Deer numbers deal damage to vineyards

Franco D'Anna has 1.9 metre fencing along his vineyard to protect the area from deer. 206652 Picture: ROB CAREW

By Jed Lanyon

The growing invasion of wild deer continues to plague Yarra Valley wineries, costing businesses hundreds of thousands of dollars in damages and preventative measures, but a strategy to deal with the issue could still be months away.

Eildon MP Cindy McLeish told Star Mail she has been frustrated at the lack of response and action taken by the state government in releasing a deer management strategy, which is now a year overdue.

Ms McLeish said that the Minister for Agriculture reported to her stating the final deer management strategy would not be released until later this year.

“I have complaints constantly from locals who are fed up with their crops, vineyards and gardens being destroyed,” she said.

“Even worse are reports of illegal hunting. Residents can hear gun shots close by, spot light torches being shone into their homes and often find headless carcasses left by the road.”

Wine Yarra Valley president and local winemaker Franco D’Anna said re-classifying the destructive animal as a pest, would be a great start to tackling the issue.

“They really need to change the legislation … They’re not native and the desecration to the bushland is unbelievable.

“Unless they are declared as a pest it’s going to be hard to keep their numbers under control.”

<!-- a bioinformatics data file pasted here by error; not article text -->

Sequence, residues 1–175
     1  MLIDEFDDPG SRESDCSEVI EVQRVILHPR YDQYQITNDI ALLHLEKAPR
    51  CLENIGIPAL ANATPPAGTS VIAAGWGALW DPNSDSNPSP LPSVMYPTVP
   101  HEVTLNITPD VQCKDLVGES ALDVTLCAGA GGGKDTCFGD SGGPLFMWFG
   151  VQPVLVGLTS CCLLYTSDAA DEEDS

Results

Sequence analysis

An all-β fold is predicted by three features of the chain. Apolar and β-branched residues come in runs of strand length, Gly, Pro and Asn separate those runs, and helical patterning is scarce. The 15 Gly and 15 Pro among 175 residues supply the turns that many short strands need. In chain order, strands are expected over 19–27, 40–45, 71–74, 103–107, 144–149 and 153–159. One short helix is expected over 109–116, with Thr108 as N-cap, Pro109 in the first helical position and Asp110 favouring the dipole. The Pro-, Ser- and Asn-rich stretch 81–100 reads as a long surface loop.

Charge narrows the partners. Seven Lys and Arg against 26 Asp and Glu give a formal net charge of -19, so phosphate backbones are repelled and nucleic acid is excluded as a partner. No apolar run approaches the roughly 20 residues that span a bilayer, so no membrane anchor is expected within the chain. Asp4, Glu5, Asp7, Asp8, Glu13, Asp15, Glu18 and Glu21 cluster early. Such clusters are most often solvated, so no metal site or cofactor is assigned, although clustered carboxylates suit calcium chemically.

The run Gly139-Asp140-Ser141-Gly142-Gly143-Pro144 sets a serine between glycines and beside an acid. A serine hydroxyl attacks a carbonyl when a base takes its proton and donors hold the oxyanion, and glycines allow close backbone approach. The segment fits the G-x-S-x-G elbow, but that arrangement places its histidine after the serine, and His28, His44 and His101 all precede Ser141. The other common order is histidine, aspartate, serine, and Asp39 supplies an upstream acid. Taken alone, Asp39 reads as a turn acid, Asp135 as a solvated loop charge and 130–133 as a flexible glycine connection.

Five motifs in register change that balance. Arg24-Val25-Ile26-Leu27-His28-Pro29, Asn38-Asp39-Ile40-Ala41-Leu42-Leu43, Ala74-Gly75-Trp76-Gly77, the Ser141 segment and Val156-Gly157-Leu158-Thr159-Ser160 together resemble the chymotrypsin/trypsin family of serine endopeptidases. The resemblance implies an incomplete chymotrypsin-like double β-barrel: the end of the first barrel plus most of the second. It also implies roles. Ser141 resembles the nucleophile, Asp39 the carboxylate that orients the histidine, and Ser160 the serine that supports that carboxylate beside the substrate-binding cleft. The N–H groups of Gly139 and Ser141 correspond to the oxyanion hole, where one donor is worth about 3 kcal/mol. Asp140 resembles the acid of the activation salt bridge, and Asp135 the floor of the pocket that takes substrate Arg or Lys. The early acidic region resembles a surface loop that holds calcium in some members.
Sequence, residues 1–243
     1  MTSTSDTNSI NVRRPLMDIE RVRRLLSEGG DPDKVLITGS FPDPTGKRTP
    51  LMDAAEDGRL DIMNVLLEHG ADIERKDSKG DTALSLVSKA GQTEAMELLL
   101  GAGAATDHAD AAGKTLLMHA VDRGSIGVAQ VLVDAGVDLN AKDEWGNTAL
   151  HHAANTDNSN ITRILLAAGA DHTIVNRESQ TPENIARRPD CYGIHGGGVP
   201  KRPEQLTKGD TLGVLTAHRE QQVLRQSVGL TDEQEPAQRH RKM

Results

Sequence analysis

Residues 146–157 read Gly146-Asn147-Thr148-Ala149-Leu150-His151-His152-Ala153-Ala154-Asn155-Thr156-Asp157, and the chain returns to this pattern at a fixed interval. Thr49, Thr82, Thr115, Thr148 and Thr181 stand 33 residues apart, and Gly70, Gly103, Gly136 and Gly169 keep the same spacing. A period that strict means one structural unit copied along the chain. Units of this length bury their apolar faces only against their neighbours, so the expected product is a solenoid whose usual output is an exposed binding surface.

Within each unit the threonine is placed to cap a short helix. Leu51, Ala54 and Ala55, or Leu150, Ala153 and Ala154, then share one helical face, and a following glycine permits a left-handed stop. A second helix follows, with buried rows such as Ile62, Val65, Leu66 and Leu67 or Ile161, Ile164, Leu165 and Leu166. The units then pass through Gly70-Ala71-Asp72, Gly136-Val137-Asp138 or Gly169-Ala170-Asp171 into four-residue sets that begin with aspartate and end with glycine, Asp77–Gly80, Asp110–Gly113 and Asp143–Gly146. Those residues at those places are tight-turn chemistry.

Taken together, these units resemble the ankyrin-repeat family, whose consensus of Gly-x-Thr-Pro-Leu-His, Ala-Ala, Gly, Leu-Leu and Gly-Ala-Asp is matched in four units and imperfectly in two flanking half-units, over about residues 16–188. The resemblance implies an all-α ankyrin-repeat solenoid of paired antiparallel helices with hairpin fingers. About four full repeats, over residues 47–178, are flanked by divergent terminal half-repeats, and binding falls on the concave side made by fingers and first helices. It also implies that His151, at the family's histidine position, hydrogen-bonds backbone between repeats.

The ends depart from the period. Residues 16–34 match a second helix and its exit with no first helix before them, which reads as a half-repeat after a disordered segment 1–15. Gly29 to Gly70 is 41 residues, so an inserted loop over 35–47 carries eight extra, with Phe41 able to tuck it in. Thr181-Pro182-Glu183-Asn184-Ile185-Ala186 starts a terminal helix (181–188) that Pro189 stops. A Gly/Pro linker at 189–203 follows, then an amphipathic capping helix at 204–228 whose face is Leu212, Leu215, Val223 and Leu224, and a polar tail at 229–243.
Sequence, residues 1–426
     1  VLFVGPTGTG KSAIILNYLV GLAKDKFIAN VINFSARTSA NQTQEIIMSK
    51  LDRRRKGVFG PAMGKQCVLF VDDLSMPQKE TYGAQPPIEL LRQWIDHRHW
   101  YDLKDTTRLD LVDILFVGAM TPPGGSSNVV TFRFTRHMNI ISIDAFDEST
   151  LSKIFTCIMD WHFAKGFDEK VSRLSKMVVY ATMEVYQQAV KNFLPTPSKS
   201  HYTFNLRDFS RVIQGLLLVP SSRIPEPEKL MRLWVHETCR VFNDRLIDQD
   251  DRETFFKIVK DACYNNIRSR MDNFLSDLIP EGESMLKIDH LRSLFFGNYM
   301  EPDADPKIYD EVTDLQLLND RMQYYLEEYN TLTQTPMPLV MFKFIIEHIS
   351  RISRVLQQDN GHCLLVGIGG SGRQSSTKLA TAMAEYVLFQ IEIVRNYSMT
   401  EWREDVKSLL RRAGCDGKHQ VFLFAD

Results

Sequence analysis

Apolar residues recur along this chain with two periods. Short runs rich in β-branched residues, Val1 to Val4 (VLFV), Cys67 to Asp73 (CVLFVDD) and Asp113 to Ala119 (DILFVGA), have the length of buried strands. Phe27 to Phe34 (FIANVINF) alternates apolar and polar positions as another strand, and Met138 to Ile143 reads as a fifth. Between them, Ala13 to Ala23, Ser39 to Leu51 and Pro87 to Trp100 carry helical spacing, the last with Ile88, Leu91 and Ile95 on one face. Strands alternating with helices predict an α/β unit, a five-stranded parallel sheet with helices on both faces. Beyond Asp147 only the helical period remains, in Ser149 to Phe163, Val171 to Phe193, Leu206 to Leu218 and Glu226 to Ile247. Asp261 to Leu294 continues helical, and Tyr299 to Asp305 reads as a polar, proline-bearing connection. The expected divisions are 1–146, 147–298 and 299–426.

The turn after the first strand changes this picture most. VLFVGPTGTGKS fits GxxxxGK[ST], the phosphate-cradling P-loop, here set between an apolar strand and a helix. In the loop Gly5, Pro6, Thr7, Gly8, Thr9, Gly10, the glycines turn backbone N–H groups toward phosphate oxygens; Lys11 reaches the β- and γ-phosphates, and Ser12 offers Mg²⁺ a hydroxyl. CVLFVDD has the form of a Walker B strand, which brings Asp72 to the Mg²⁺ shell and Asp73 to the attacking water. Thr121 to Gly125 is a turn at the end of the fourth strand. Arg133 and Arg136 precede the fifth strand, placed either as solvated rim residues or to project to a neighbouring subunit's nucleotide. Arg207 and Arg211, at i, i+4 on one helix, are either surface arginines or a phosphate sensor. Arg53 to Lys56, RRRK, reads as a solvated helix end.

Mr D’Anna fears deer numbers will spiral as estimates state that the current Victorian deer population of one million could explode to 2.5 million in just five years.

“20 years ago you wouldn’t see one deer, now it’s like every night you’ll see them,” he said.

“The deer can do up to $100,000 in damages in just one night. Once they eat the crop it’s gone. And there’s not a lot of ways to stop them unless there are shooters out every night.”

Mr D’Anna said that illegal hunters were also a big concern across the Yarra Ranges as he had experienced hunters shooting from their vehicles, while a horse on a neighbouring property had been killed, being mistaken for a deer.

To address the issue, Mr D’Anna opted to erect 1.9 metre high cyclone fencing around the 270 hectare vineyard at Hoddles Creek Estate as a preventative measure. He said the costs to secure the property with fencing exceeded $200,000.

“It’s a massive cost tho the industry and it’s only going to get worse.”

Australian Deer Association executive officer, Barry Howlett expressed his concerns to Ms McLeish.

“Increasing deer numbers in Victoria are impacting agriculture and biodiversity in the region,” he said.

“We need a well-considered plan that takes into consideration the views of everyone in the community.”

“We have been waiting over 12 months for a practical framework that identifies actions based on the greatest needs.”

The Minister for Agriculture did not respond for comment in time for Star Mail’s print deadline.

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